Tip 4. Change the default SSID

Change the default SSID (network name) to one of your own invention, from which it's not possible to deduce the brand and/or type of the router. Note: the name shouldn't contain spaces or special characters! Therefore not: John's network, but JohnsNetwork or Johns-network.

Tip 5. Choose WPA2 or WPA

The signal encryption should at least be WPA Personal. WPA2 Personal is even better, when both your router and your wireless card allow for it. Every reasonably modern router offers the possibility to set the encryption to WPA. Is your router so old that it can't handle WPA? Then definitely buy a new one. As soon as possible.

Tip 6. AES only

AES is the most modern and secure form of WPA encryption. So set it at "AES only". And therefore not at the older and less secure TKIP. Also not at "TKIP + AES", because in that case the encryption is still backwards compatible with TKIP.

For clarification: "AES only" is best, but TKIP is not bad. WPA with TKIP is still reasonably safe.

Tip 7. Create your own WPA key

Create your own WPA key and discard the WPA key that the manufacturer of your router may have installed on it. Choose a key with at least 10 signs. Four random words, connected by dashes, make an excellent key. Note: preferably don't use spaces!

Tip 8. Enable the firewall in your router

Turn on the firewall of the router. Most routers offer the possibility in their configuration, to enable a built-in firewall. Use that possibility.

Note the possible effect this may have on certain online games: sometimes you have to open a certain port in the firewall for those.

Tip 9. Change the administrator password of the router configuration

Change the administrator password of the configuration screen of the router. Normally, when you want to access the router configuration, you have to type an administrator password in order to gain access to the configuration (usually "admin" or something like that). Change this in a password of your own making. Don't use spaces!

Tip 10. Disable Wi-Fi Protected Setup (WPS) in your router

Most modern routers have the feature Wi-Fi Protected Setup (WPS). This feature is usually enabled by default. It's intended to make it easier for people with little knowledge of wireless security, to connect devices wirelessly without having to type long passphrases.

However, as could of course be expected from a feature like this (sigh...), WPS poses a massive security risk. With a simple brute-force attack, a remote attacker can recover the WPS PIN code in less than an hour, thus exposing the WPA/WPA2 pre-shared key of the wireless network.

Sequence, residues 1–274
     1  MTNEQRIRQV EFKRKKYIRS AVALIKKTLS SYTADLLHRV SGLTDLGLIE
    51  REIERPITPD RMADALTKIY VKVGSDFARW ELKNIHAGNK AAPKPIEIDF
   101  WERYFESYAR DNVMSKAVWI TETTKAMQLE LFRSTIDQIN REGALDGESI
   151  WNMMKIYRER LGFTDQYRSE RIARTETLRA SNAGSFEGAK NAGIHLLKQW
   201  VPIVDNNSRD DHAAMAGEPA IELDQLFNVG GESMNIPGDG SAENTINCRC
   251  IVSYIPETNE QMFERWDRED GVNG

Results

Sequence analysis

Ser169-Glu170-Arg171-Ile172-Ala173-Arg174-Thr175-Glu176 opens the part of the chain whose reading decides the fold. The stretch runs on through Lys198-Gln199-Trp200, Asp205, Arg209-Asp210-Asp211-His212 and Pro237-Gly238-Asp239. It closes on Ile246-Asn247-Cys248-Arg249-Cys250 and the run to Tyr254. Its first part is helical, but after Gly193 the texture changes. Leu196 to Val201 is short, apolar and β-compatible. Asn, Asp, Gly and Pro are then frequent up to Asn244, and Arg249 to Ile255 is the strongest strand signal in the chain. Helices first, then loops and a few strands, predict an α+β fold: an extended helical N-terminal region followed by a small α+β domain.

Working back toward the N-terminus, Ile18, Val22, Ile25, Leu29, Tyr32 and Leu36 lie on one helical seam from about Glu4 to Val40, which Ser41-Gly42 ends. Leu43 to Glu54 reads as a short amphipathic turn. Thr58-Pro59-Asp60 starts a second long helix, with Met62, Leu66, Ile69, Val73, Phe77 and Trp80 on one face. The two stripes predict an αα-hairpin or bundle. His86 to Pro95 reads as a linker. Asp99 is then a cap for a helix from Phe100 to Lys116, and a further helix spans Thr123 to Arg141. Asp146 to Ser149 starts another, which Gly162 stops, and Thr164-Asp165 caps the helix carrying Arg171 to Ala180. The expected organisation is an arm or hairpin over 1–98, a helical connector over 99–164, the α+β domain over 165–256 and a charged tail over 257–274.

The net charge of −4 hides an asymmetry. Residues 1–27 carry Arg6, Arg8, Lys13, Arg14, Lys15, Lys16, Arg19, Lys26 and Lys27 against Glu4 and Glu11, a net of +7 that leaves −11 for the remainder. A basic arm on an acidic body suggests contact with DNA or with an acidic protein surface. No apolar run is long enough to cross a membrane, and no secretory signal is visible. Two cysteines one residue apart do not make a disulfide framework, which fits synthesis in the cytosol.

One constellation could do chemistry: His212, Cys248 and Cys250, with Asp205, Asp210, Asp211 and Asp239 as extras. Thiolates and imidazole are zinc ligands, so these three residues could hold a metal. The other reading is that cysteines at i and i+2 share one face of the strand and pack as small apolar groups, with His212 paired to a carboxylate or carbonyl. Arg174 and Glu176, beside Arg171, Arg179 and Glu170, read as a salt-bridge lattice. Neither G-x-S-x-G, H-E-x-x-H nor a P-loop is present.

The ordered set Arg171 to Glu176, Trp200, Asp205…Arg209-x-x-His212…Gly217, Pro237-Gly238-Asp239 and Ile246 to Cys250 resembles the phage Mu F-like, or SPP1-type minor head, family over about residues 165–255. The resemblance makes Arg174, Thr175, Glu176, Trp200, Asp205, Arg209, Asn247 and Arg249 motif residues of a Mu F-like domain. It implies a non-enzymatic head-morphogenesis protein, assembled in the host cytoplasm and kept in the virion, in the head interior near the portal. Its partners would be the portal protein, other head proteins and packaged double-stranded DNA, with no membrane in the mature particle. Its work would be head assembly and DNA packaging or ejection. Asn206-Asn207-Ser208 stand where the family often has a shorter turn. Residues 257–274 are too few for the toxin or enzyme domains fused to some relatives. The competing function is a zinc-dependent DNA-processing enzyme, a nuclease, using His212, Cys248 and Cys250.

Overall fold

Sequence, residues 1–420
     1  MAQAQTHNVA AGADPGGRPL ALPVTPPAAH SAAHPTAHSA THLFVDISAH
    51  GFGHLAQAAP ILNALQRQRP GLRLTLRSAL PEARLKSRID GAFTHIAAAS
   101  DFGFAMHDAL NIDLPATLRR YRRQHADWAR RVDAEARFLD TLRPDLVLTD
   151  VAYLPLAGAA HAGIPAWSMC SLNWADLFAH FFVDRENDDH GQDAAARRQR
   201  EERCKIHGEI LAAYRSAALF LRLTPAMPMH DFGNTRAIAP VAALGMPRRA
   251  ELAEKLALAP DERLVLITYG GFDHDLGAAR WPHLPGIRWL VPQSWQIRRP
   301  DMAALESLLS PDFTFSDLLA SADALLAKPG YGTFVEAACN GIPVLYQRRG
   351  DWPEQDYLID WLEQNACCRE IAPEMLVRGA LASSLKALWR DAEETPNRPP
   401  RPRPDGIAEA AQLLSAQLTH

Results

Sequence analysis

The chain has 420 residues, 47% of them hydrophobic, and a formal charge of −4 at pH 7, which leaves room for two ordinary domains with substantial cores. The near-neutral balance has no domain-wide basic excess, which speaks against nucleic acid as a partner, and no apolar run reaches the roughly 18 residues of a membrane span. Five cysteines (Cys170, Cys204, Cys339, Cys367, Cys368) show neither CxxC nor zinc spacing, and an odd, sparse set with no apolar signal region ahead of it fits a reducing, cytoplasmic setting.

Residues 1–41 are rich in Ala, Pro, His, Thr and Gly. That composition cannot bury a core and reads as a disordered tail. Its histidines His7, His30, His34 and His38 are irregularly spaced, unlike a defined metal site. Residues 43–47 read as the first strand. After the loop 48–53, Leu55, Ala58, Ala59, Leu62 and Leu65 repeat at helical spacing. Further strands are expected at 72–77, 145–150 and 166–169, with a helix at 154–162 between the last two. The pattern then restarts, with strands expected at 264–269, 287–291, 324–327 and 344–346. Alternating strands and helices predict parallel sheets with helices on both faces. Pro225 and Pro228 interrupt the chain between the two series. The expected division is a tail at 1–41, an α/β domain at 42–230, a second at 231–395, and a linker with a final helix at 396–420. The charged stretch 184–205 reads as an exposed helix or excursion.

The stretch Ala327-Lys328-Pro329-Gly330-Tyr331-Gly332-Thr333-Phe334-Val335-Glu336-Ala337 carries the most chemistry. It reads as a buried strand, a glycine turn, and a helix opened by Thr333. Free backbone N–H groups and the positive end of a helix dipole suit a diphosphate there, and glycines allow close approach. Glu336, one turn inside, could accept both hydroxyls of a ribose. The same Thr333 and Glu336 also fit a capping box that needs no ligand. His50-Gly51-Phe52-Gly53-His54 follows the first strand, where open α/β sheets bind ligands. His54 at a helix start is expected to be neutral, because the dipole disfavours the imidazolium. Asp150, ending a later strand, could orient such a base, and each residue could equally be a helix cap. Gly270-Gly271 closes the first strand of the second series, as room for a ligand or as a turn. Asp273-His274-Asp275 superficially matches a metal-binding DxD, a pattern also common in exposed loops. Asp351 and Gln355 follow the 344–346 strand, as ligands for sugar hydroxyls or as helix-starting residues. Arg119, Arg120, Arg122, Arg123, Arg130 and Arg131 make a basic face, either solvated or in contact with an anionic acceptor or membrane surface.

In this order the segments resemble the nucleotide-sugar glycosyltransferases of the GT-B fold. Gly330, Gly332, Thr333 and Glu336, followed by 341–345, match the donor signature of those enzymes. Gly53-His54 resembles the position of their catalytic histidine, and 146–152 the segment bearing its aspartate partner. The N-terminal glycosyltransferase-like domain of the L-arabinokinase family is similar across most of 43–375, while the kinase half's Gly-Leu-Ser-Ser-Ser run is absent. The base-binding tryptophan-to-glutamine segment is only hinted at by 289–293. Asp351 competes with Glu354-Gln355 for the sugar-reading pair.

The only solution is: disable WPS in your router straightaway. Some routers don't have the option to disable WPS; in that case, buy a new router that does. Buy it today.

Has WPS been enabled on your router? Then change the WPA/WPA2 key right after disabling WPS. Your network may have been hacked already...

Tip 11. Disable Universal Plug and Play (UPnP) in your router

Universal Plug and Play (UPnP) is a risky feature that exposes your router to attacks. It's therefore best to disable UPnP in the router.

Tip 12. Be careful with the use of unprotected networks of others

Be extra careful with the use of unprotected or shared networks of others (hotels, campings, airports). Everyone within reach of the unprotected wireless access point, is able to 1. monitor all of your wireless traffic and 2. attack your laptop directly.

The solution to both problems is, to assume that there already is an attacker that has complete access to your network traffic, and network access to your laptop. Send only encrypted information: always use https for viewing web pages (whenever possible). Keep your Linux updated. Enable the firewall (in the terminal: sudo ufw enable) and check SSL certificates of websites.

Want more tips about wireless internet?

Do you want more tips and tweaks about wireless internet? You might find these useful:

a. Amplify the wireless signal of your router

b. Apply a second router in your home

c. Reduce electromagnetic radiation of computing devices

d. Install Tomato on your router

e. Put DD-WRT on your router